Growing older can mean adapting to a lot of changes. Retirement can leave you feeling like your useful days are behind you. Your children may move away to pursue their own careers. You may start to lose friends you’ve known since childhood. You may find yourself taking on the role of caregiver to your spouse, which can be physically challenging and emotionally draining. At the same time, you may start to face your own new or worsening health issues, like high blood pressure or painful arthritis. At times you may feel sad about some of the changes going on in your life.
It’s normal to feel stressed, anxious, or uneasy about change. In some cases, however, a person can’t regain his or her emotional footing. When sadness lingers for a long time and interferes with day-to-day life and activities, it could be a sign of clinical depression, a serious condition that requires medical treatment.
According to the National Alliance on Mental Health (NAMI), 6.5 million adults age 65 or over suffer from depression. Women are twice as likely to have depression. Remember, though, depression is not a normal part of aging. The National Institutes of Health (NIH) says that studies show most older adults feel satisfied with their lives, despite having more physical ailments.
Some of the many symptoms of clinical depression may include:
• Feeling tired and run down
• Lack of interest in activities
• Problems focusing or making decisions
• Confusion and memory problems
• Feeling worthless
• Eating too much or too little
• Sleep issues, including sleeping too much or inability to sleep
• Vague pains, including headaches and stomachaches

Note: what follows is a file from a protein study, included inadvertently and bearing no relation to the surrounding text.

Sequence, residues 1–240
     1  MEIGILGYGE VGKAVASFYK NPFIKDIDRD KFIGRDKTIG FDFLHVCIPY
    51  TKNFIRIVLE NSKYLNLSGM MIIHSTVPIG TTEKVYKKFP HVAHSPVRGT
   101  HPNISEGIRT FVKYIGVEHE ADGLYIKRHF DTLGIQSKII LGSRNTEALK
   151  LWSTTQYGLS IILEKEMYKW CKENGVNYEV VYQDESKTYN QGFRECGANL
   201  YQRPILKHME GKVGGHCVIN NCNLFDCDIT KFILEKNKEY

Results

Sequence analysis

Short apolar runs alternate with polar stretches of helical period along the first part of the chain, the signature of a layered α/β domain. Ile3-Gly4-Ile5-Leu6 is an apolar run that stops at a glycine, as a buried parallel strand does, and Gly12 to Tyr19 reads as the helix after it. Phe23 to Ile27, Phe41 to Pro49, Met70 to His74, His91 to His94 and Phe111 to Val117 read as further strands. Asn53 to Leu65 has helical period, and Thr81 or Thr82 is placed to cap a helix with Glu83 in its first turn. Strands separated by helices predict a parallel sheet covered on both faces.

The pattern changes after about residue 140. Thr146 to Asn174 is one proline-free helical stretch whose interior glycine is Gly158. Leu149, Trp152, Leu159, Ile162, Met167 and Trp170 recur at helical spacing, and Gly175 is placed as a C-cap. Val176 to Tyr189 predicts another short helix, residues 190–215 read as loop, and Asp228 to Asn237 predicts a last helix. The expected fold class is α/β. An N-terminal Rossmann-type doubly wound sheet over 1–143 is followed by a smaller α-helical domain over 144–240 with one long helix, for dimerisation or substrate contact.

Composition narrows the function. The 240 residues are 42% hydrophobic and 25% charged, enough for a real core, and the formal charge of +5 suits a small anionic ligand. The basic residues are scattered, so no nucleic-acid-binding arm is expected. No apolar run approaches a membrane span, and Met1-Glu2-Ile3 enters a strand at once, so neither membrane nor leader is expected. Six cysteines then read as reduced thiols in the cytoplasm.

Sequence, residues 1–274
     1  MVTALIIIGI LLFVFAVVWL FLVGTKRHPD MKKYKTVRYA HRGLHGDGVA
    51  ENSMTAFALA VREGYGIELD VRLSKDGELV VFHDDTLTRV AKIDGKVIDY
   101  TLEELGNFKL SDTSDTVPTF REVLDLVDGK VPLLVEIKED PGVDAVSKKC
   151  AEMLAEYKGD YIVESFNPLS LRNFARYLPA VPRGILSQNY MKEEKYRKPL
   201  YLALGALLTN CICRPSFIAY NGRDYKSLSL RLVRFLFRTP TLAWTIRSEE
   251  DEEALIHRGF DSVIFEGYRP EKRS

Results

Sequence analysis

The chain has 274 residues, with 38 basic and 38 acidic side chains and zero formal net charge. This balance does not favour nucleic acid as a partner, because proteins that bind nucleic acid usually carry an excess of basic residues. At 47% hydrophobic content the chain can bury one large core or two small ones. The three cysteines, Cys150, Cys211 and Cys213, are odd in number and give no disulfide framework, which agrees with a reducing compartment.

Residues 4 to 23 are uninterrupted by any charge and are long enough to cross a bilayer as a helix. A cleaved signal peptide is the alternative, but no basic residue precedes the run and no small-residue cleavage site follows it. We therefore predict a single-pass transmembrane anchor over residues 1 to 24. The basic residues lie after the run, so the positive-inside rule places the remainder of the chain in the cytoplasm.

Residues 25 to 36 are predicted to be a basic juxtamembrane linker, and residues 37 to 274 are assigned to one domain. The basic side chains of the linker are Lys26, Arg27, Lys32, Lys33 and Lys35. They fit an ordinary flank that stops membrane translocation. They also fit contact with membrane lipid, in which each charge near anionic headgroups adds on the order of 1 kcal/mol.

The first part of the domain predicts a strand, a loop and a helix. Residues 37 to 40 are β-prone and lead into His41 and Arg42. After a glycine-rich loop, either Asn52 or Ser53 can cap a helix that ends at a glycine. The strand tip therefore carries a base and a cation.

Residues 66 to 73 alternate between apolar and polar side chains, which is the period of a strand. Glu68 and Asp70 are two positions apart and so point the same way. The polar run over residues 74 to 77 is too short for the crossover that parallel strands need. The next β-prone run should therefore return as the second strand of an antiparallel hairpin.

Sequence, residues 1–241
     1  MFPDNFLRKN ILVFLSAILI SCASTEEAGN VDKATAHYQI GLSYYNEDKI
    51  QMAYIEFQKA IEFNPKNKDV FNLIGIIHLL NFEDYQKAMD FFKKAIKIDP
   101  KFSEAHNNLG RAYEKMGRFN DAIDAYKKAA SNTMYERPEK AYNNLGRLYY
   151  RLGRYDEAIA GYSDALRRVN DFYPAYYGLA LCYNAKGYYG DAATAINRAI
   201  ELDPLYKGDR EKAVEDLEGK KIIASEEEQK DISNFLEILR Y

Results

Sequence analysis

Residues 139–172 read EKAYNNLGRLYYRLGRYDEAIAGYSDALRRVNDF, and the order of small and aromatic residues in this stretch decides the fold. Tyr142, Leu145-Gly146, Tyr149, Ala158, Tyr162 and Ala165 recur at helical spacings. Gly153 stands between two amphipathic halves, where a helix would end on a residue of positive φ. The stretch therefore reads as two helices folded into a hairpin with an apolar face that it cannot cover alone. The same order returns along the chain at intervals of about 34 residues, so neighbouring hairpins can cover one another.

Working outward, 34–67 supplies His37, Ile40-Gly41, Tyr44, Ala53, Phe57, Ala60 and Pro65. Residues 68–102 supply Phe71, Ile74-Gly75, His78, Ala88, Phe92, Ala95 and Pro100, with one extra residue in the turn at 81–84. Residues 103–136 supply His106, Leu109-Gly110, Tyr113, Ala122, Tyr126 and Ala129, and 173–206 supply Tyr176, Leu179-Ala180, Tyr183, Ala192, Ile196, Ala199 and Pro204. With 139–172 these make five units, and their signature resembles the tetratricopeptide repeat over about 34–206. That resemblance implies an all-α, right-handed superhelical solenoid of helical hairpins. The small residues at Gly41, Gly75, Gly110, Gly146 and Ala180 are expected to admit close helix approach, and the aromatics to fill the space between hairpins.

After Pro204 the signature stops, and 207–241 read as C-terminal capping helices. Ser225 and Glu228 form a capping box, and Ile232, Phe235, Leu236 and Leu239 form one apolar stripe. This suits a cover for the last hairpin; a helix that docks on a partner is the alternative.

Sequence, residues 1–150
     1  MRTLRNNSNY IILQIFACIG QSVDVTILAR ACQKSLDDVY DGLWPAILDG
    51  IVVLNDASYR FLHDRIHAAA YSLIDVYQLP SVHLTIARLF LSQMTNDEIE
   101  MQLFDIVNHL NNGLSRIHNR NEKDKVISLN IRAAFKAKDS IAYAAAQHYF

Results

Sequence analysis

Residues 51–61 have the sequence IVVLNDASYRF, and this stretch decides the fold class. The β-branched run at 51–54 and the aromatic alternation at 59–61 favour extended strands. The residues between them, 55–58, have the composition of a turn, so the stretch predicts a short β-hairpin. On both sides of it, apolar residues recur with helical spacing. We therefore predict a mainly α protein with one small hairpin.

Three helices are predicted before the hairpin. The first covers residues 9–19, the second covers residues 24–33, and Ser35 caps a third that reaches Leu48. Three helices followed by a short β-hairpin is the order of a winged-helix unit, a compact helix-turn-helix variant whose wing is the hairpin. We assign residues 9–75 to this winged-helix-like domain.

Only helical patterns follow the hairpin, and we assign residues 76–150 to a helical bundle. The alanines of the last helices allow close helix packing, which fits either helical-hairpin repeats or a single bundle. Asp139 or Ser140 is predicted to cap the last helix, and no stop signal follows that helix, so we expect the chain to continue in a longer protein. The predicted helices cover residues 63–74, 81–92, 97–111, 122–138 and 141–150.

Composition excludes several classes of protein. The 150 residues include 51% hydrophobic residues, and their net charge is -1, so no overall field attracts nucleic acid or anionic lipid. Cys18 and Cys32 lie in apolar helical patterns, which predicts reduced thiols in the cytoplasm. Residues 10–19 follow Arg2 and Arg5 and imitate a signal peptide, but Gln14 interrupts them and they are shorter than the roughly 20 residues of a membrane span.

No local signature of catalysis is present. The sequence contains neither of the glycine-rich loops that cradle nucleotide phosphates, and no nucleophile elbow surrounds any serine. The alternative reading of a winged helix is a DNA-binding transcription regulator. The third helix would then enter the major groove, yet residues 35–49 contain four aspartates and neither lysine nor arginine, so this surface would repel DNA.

• Thoughts of suicide
If you or someone you know may be suffering from depression, it’s important to talk to a doctor and get treatment as soon as possible. Some people are more prone to depression, just as some people are more likely to develop heart disease or diabetes. Certain medications can contribute to depression. It’s also known that chronic diseases may raise the risk of depression. Depression is an illness, not a character flaw.
The doctor may prescribe medications, which help most older adults who have depressive episodes. These medications help certain chemical levels in the brain to normalize. Make sure your doctor knows about all the drugs, vitamins, minerals, and herbal remedies you are taking, such as St. John’s wort.
Your doctor may also suggest talk therapy. According to NIH, a study examining depression treatment among older adults found that patients who got better with medication and interpersonal therapy were less likely to have the depression return if they continued their combination treatment for at least two years. In addition, NIH says that research has indicated that treating depression in older adults often improves the outcomes of co-existing medical conditions.
If you feel you are in a crisis situation, don’t wait. Tell someone who can help immediately if you are thinking about harming yourself or attempting suicide.
• Call your doctor.
• Call 911 for emergency services.
• Go to the nearest hospital emergency room.
• Call the toll-free, 24-hour hotline of the National Suicide Prevention Lifeline at 1-800-273-TALK (1-800-273-8255); TTY: 1-800-799-4TTY (4889) to be connected to a trained counselor at a suicide crisis center nearest you.
For more information about depression in older adults:
NIHSeniorHealth About Depression:
NIHSeniorHealth Frequently Asked Questions:
National Alliance on Mental Illness Depression in Older Persons Fact Sheet: nami.org/Template.cfm?Section=Depression&Template=/ContentManagement/ContentDisplay.cfm&ContentID=88876